One of the best ways to put yourself in the right mind frame to create a certain type of writing is to read works in that same mold. For instance, if you plan to write formal poetry, read formal poetry. If you plan to write a novel in the voice of a female, first-person speaker, read books that have a similar narrator. The advantage is not just that you have a model to imitate. I believe it actually affects your brain to read certain types of literary works.

The so-called “Mozart Effect” was announced by researchers in a letter to Nature magazine in 1993, claiming to show that the IQs of test subjects spiked upwards after listening to ten minutes of Mozart. I believe from my own experience that listening to complex music such as classical or jazz can energize the creative sectors of the brain. I also feel that my own ability to write in a literary way increases when I read or listen to good books. There may well be biochemical changes that happen in our brains when we read or listen to certain kinds of writing.

I experienced the benefits of this myself when I was trying to translate George Sand’s novel Horace from French to English. 

George Sand
It took me about two years to translate this remarkable novel, written in the 1840s, and so far ahead of its time in its treatment of the rights of women and working people. During the two years I was working on that translation, I read almost exclusively novels by nineteenth century authors, mainly women. I was trying to get into my head an English voice that I felt would be an equivalent to George Sand’s narrative.

What an amazing education and privilege that was, to read Persuasion by Jane Austen, Wuthering Heights by Emily Brontë, Jane Eyre by Charlotte Brontë, The Mill on the Floss by George Eliot, (who took part of her pen name from Sand), The Awakening by Kate Chopin, and other books. Oddly enough, though, none of those writers reminded me of the wry, urbane George Sand. The English Romanticism of the Brontës or George Eliot is more earnest and less urban than Sand’s Horace. Austen is similar—she's also a comic writer, but her world is so much more innocent than the Paris of George Sand. The nineteenth century book written in English that most sounded to me like the voice of the novel Horace was William Makepeace Thackeray’s Vanity Fair, with its satiric look at London society.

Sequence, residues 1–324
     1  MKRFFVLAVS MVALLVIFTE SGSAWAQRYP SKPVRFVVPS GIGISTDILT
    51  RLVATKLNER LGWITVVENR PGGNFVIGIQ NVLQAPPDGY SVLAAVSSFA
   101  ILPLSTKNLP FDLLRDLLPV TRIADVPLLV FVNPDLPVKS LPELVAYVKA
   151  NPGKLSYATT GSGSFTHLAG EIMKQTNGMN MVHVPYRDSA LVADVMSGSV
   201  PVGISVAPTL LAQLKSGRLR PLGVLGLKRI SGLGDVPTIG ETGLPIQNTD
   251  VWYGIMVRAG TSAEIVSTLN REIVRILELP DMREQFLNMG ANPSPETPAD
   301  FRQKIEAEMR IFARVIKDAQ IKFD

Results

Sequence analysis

It is possible to overdo reading what you want to write. When I was translating George Sand’s Horace, I became so immersed in Victorian diction that every sentence I wrote in English felt as though it was choking on a tightly knotted cravat. I had to back away and rewrite the translation in a more contemporary voice, and then merge the more modern version with the draft that was written in old-fashioned and formal diction. I was very much helped and guided in this process by my editor at Mercury House publishers, Tom Christensen, an accomplished author and translator, who is also a fellow editor at Catamaran Literary Reader.


But in general, I think reading what you want to write is a good rule of thumb. So unless you plan to write blogs, this is probably the place for both you and me to stop for now!

Other recent posts about writing topics: